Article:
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The Legend of Sleepy Hollow Paperback – November 5, 2013
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Abridged but not rewritten, the classic tale is decorated with a plethora of very small, comically gothic cartoons that add an air of spooky grotesquerie. An overall color scheme of pale browns and oranges adds a properly autumnal air to Sleepy Hollow's knobby woodlands, and the supporting cast includes nearly as many ghosts, toothy imps and the like as it does human figures. Grimly's not much for verisimilitude - party guests at the Van Tassels include African-Americans, and there's a glimpse of a generic Native American earlier on - but burly "rantipole hero" Brom Bones looks rightly massive next to the exaggeratedly gawky figure of Ichabod Crane. The Headless Horseman not only sports a particularly eerie-looking twig between its shoulders but rides a red-eyed, demonic steed, and in three views on the final page the decayed schoolhouse has a decidedly haunted air. Still, this is not a particularly scary rendition, and because its text is chopped into scattered, easily digestible passages tucked between or inside the panels, it may have more appeal to less-able readers than full versions. (Fantasy. 10-12) (Kirkus Reviews) --Kirkus Reviews
About the Author
Alice Hoffman is the author of fourteen novels, including Practical Magic, Turtle Moon, Local Girls, Here on Earth, The River King, and Blue Diary. She lives in Massachusetts.
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Edit: The 'vintage' illustrations seem to be images taken from typing 'The Legend of Sleepy Hollow' into a search engine. One of them even comes from the old Disney adaptation of the story.
The local color--the description of the farms, fields, streams, trees, brooks, and ponds in the countryside--is painted for us with great skill.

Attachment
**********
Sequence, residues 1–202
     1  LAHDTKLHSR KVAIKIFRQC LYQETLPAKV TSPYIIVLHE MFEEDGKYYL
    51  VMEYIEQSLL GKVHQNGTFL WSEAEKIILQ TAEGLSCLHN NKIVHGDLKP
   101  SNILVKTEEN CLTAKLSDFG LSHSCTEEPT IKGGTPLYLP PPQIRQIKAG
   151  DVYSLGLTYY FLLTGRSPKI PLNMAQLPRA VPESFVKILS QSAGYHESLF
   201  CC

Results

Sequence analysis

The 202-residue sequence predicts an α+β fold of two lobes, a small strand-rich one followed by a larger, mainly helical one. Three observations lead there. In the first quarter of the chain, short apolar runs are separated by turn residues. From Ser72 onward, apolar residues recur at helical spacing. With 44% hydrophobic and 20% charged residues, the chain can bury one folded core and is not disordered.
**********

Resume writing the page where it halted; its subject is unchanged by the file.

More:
We almost find ourselves there in the account of the party at Van Tassel's....there with the host, the guests, the sumptuous traditional Dutch table settings, the telling of war stories (Revolutionary war, of course). and the recounting of tales of spooky apparitions that have reportedly been seen and heard in the area. The Headless Horseman, is, of course is the "main character" among those.
Irving describes Crane's terrifying night ride from the Van Tassel party more vividly than any animated movie that I have ever seen.
That terrifying tree that was shown in the Disney animation--which gave me chills whenever I thought about it as a child, and which made me fearful of the shapes of big leafless trees at night for years--is described very vividly by the author.
Irving tells us that it was a tulip tree. I never knew that that was what it was. We have one in the front yard. I can see it from where I write this. It doesn't frighten me a bit.
Very well written indeed, and a quick read--it is, of course, a short story.
As I said below, great for Halloween.
No planning or trip out required, if you have an e reader.
Some rather well constructed and nicely descriptive prose here, I think:
It's one of the oldest examples of American literature, but its American author, Washington Irving, penned it while he was living in England.
It is part of a collection of short stories and essays entitled The Sketchbook of Geoffrey Crayon, Gent, these were the first words from a gothic story that featured a character who was believed to have been decapitated by a cannonball.
That character, known as "The Headless Horseman", is said to be one reason that "The Legend of Sleepy Hollow" became popular at Halloween.
It was first published in 1820.
Most of us have seen screen adaptations, but I had never read the story.
most of the story. If a person would like to know about the original story this book is ideal. The illustrations add understanding about the plot.
Of course, the TV Show has the Headless Horseman who is killing folks. The story takes place in 21st century. Since Sleep Hollow is being filmed in Wilmington,., New Bern, and Salisbury, N.C. and other areas in our great state, it is fun to see if you can recognize some of the scenes.
I would recommend Rip Van Winkle and the Legend of Sleepy Hollow to be read to anyone who loves history and a little mystery. It is a safe book to read to children.